Originally published in the Central Florida Future: http://www.centralfloridafuture.com/news/leader-in-feminism-hosts-rally-on-campus-1.2781516#tabs_article_comments_tab1
Feminist icon Gloria Steinem made a stop at UCF’s Pegasus Ballroom Friday to lead a discussion on women, politics and the importance of voting in the upcoming election.
The rally, which was sponsored by UCF’s women’s studies program and the National Organization for Women at UCF, brought more than 200 students, faculty and local women’s rights organizations together.
Steinem opened her discussion by encouraging everyone to forget about party labels and to examine the issues that are at stake. For Steinem, that includes equal pay for women.
According to the U.S. Census Bureau, women earn an average of 77 cents for every dollar earned by a man in an equal position. Though pay equity has been discussed by both presidential candidates, Steinem said she believes both candidates have not realized that “equal pay for female human beings of the United States will be the single greatest, most powerful economic stimulus this country could possibly experience.”
“Just equal pay for comparable work would put $200 billion more into the economy every year,” Steinem said. “We are not going to take that money and put it into a bank account in the Bahamas. We are not going to send it to Switzerland. No, we are much more likely to spend it in a way that creates jobs.”
Steinem also emphasized the importance of another women’s issue: reproductive rights. Though the case for abortion has created an even greater division between partisan lines, with liberals generally for it and many conservatives against it, Steinem believes reproductive freedom defies political ideologies. She said reproductive freedom is just as important for people who do not wish to have an abortion as it is for those who do.
“It means what it says [and] it says the power of the government stops at our skin,” Steinem said.
The issue of reproductive freedom is particularly important to many Florida voters because of a contentious amendment on this year’s ballot: Amendment 6. The measure would ban state tax money from being used for abortions or for health insurance coverage of abortion, except in rare circumstances like rape and incest.
To president and CEO of Planned Parenthood of Greater Orlando, Jenna Tosh, who also spoke at Friday’s event, the amendment would put women’s health in jeopardy.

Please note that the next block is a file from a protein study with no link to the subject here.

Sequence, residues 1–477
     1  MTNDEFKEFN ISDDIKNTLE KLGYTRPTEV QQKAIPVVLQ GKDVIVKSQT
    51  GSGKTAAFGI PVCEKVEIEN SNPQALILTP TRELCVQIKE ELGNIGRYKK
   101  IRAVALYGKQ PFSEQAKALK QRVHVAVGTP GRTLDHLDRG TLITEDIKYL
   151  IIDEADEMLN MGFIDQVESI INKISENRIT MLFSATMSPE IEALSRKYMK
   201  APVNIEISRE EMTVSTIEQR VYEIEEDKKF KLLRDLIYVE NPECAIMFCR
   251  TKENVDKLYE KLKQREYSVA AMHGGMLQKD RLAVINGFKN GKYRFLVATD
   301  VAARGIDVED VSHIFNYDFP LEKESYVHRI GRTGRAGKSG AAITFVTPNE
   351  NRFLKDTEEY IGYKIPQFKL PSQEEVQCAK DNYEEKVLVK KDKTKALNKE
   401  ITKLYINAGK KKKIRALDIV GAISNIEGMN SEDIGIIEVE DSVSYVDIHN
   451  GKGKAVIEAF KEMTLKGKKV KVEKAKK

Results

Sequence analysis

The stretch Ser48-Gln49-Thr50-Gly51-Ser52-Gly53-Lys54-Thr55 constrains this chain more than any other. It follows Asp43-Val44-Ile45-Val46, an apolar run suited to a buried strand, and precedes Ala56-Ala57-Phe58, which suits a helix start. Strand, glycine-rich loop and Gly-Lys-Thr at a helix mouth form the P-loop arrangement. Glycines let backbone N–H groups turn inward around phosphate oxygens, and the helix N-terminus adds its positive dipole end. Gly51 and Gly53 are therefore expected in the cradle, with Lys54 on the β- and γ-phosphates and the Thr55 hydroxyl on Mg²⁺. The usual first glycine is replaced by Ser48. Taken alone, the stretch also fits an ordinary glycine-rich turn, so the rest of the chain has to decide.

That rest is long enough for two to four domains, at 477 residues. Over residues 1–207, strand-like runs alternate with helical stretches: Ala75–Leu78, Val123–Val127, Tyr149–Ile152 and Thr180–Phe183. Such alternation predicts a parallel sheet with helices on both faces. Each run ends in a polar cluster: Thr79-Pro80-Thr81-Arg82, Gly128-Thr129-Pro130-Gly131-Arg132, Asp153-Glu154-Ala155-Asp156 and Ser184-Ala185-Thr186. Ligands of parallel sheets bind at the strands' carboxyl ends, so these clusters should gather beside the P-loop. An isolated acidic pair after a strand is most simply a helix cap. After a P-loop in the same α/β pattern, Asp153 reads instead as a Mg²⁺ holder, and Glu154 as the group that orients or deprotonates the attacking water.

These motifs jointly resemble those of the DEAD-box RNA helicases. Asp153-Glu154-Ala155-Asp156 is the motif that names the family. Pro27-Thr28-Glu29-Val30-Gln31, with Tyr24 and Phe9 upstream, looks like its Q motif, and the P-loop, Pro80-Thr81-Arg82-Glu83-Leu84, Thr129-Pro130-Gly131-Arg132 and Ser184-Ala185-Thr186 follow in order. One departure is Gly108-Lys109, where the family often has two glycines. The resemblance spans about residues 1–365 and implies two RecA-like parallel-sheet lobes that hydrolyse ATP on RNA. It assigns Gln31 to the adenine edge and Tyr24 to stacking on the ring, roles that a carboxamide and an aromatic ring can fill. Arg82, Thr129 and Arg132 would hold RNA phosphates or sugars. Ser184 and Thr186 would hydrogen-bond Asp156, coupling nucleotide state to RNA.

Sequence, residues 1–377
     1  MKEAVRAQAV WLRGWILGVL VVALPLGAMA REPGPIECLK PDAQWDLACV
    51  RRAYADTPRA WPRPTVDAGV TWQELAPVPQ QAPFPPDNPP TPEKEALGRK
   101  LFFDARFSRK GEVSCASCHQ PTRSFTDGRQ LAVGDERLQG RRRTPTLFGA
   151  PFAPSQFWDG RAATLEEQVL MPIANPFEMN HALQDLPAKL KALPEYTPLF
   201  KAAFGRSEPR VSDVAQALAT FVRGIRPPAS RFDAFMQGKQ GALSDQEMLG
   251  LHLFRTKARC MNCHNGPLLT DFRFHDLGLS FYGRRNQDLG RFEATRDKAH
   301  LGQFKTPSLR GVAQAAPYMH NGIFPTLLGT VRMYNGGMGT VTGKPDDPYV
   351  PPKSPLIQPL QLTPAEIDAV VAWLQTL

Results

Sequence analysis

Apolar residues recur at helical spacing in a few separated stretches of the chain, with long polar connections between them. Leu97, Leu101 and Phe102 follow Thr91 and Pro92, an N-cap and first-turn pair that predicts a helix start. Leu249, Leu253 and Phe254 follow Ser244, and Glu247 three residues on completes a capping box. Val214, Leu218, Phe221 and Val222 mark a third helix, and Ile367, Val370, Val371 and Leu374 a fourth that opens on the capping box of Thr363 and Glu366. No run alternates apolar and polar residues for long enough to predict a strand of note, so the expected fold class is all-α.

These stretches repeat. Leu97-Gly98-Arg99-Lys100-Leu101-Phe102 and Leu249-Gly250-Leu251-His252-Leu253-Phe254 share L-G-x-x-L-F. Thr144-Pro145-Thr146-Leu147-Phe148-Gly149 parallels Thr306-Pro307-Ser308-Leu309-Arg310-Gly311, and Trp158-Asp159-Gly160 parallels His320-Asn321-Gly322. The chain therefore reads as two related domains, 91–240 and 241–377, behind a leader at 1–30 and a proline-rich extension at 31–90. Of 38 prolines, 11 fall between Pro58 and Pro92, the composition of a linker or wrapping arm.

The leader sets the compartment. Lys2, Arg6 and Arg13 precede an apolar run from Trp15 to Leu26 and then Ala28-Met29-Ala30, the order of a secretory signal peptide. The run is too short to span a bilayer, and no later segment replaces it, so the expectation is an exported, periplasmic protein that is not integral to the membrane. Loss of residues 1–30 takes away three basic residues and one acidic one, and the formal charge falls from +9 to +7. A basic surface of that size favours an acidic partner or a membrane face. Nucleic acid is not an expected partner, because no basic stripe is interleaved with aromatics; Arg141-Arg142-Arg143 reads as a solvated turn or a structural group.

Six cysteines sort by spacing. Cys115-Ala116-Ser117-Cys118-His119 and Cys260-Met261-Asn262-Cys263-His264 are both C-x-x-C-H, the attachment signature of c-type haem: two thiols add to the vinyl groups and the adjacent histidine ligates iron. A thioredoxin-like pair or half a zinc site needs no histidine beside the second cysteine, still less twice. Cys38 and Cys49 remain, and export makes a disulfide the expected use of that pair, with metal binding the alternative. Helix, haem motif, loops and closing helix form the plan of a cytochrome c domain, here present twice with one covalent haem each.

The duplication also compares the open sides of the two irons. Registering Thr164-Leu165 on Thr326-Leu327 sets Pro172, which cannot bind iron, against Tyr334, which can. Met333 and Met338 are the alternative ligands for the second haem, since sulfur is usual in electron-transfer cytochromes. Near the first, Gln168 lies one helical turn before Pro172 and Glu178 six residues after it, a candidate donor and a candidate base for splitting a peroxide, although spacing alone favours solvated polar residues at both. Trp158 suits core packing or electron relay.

“If Amendment 6 passes, it could mean that a pregnant woman who needs access to cancer treatment would be denied health to end her pregnancy even if it’s what her doctor recommends. If Amendment 6 passes, it would leave a woman and her family struggling to figure out how to pay for medical care, even in the case of a severe fetal abnormality. Denying a family help in these cases is unconscionable,” Tosh said.
UCF’s women’s studies director, Maria Santana, said issues like reproductive rights and pay equity make this election crucial for women. However, she fears that young women who lack interest in politics may not exercise their right to vote, risking the gains that Steinem and her contemporaries fought for.
“Today, as young and perhaps single women, they don’t feel the necessity or the urgency, but we see it as an urgency because we understand the political path of change and the political path has ramifications,” Santana said. “It’s important for them to understand what’s happening today, right now, because it will be history.”
Santana remembers the agency created by second-wave feminists like Steinem. She admires that they did not just organize to complain about gender disparities, but that it moved them to action, something she hopes today’s generation picks up.
Steinem’s discussion imbued a similar sense of agency in junior finance and marketing double major Lauren Mulvihill.
“I’ve never been so empowered by hearing someone speak. I’ve never wanted to act out and go out and do something to perpetuate these feelings before,” Mulvihill said.
For senior political science major Paul Thurston, the conversation helped him recognize something about himself.
“As somebody who is obviously a man, I never really classified myself as a feminist, even though I believe in a lot of the same stuff. It’s good to see that maybe I have been this whole time, but I just didn’t know it,” Thurston said.
Steinem has been traveling around the country and the world advocating for women’s rights since the late 1960s. Her visit to UCF was the first of six stops she’s making in Florida this week. She’ll take a trip to St. Petersburg, Fort Lauderdale and Miami to continue her talk on women’s rights issues as related to the 2012 election.